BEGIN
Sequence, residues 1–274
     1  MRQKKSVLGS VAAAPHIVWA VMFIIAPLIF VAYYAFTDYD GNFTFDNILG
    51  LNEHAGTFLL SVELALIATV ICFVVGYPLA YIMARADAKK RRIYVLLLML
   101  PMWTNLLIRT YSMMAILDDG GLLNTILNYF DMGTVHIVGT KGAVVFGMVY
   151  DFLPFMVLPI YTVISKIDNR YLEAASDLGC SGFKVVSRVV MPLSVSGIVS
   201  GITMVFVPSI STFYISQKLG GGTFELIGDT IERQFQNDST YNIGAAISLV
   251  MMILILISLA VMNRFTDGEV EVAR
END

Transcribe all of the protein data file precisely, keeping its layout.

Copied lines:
Sequence, residues 1–274
     1  MRQKKSVLGS VAAAPHIVWA VMFIIAPLIF VAYYAFTDYD GNFTFDNILG
    51  LNEHAGTFLL SVELALIATV ICFVVGYPLA YIMARADAKK RRIYVLLLML
   101  PMWTNLLIRT YSMMAILDDG GLLNTILNYF DMGTVHIVGT KGAVVFGMVY
   151  DFLPFMVLPI YTVISKIDNR YLEAASDLGC SGFKVVSRVV MPLSVSGIVS
   201  GITMVFVPSI STFYISQKLG GGTFELIGDT IERQFQNDST YNIGAAISLV
   251  MMILILISLA VMNRFTDGEV EVAR